This paper uses a cognitive approach, applying Prototype Theory to the study of lexical fields, to increase our understanding of regular processes of semantic change. By examining lexical variation in words meaning 'to wake' in Spanish across three generations of speakers in northwestern Argentina, this study offers explanations for the acquisition and loss of this particular meaning that point to possible universals of lexical development. The first research question involves the cognitive mechanisms at work when a verb first acquires the meaning of 'to wake' thus entering into this lexical field. The second research question explores the effects of near-synonyms on changes that occur within the lexical field of 'to wake'. These changes involve the generation-dependent use of recordar, despabilar, and levantar alongside despertar to cover the conceptual field of 'to wake' among present-day speakers. The results show parallel patterns of development in near-synonyms, which, in turn, reveal important information about the shared cognitive understanding of the concept of 'to wake' that led to such developmental patterns. The focus is primarily on the theoretical and methodological implications of the study; these include the ability to shed light on historical and future developments of near-synonyms through the observation of present-day speakers and the discovery of semantic functions and features that are likely to remain hidden without the use of a cognitive linguistic framework.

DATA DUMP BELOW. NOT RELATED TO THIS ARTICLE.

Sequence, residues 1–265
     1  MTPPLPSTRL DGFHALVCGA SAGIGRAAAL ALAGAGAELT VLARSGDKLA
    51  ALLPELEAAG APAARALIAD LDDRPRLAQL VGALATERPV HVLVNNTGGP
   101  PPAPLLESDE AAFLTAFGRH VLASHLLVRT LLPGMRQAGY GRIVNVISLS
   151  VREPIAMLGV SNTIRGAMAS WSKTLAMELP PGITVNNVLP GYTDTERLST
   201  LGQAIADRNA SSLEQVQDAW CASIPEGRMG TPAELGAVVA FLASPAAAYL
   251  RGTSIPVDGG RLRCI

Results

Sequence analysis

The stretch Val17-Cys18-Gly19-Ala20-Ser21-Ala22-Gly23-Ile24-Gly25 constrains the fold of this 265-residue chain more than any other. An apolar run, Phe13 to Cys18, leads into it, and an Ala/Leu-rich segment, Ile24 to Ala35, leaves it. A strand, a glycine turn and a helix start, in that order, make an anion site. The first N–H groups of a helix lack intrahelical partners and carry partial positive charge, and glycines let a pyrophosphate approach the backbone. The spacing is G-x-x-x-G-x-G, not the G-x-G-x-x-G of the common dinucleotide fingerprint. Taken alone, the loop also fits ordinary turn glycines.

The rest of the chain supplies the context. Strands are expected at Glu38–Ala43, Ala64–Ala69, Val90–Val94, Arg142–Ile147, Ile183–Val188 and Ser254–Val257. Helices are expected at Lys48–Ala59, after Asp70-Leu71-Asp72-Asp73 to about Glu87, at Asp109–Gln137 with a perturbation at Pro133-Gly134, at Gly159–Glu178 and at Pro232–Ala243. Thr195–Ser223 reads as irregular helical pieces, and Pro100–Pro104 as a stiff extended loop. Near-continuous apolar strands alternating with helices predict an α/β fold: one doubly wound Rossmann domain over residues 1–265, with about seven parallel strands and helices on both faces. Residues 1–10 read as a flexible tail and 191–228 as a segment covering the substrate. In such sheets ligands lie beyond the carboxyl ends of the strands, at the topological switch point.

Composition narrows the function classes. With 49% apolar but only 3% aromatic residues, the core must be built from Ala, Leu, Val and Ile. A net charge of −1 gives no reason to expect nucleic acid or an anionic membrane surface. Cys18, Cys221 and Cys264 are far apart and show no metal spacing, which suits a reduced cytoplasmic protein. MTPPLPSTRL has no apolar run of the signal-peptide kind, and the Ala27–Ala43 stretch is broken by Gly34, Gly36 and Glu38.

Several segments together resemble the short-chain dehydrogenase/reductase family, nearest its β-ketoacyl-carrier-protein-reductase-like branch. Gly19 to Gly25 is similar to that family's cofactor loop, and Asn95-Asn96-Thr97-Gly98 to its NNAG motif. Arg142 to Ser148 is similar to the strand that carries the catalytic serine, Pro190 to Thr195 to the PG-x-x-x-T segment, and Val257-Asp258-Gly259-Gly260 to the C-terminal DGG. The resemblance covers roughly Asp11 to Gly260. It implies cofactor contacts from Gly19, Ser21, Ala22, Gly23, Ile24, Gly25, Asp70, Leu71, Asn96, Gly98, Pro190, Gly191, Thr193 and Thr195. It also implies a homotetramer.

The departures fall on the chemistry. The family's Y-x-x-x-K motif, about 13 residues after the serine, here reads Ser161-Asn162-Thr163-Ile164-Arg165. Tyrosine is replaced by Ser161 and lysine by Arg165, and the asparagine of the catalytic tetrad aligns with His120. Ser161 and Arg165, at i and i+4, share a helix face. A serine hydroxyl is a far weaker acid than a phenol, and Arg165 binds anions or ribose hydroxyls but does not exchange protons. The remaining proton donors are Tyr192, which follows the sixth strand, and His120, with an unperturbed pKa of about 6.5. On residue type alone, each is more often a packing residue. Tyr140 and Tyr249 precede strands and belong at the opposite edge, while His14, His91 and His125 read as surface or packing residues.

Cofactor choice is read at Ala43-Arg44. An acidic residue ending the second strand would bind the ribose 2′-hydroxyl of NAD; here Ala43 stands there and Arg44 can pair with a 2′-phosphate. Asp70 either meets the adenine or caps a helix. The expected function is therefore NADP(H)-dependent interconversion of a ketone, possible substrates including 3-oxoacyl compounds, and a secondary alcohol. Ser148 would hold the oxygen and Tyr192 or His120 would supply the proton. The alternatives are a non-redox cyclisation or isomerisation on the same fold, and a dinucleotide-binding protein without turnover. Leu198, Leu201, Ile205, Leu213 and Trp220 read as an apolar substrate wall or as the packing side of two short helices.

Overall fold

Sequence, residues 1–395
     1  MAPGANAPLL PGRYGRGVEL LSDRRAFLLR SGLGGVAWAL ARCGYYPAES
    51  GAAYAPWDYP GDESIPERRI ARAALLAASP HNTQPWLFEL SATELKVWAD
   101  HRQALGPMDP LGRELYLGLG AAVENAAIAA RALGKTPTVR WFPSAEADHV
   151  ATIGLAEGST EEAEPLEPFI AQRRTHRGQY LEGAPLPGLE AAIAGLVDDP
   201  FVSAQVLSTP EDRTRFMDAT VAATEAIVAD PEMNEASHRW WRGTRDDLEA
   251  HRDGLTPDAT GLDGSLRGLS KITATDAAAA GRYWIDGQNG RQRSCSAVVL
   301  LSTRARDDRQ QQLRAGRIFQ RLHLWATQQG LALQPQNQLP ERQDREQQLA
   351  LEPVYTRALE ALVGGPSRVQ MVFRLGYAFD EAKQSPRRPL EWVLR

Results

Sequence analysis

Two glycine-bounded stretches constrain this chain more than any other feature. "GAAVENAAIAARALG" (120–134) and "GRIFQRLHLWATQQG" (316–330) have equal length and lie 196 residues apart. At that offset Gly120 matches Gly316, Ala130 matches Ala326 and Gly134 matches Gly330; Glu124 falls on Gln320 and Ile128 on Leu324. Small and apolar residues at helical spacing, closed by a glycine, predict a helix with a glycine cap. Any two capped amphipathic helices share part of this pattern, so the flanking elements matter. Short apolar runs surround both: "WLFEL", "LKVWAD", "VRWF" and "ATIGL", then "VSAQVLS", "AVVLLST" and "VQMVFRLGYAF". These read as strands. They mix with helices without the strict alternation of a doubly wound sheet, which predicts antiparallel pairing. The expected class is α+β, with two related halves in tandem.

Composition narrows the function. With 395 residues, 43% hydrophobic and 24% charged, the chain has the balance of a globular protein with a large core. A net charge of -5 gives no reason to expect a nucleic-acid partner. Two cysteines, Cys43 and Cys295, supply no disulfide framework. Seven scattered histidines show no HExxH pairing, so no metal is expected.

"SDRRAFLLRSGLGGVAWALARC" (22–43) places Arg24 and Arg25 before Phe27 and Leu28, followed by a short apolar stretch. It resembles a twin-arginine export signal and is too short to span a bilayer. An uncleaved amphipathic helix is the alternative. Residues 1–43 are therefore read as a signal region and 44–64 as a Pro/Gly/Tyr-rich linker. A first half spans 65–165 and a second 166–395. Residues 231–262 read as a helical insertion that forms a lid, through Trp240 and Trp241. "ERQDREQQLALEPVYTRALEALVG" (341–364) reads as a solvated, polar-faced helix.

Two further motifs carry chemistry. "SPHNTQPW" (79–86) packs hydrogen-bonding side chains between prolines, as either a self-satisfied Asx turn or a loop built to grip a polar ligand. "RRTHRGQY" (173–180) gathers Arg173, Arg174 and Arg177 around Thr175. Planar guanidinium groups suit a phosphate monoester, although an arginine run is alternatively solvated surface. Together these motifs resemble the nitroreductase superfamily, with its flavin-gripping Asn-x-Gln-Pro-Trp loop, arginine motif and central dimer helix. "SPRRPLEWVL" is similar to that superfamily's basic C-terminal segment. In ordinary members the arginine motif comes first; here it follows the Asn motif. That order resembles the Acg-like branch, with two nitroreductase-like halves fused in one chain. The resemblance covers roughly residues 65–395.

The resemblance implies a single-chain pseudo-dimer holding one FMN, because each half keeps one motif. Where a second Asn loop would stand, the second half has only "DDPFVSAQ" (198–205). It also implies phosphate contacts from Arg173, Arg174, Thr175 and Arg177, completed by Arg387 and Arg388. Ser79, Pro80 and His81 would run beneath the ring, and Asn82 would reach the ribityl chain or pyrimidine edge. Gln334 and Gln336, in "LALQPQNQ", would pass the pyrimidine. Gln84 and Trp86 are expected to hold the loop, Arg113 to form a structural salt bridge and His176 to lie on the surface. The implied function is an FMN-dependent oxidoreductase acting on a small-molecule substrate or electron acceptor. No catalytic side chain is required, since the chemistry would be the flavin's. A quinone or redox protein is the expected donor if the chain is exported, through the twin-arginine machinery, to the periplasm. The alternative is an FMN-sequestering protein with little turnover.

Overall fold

Selected Proceedings of the 15th Hispanic Linguistics Symposium
edited by Chad Howe, Sarah E. Blackwell, and Margaret Lubbers Quesada
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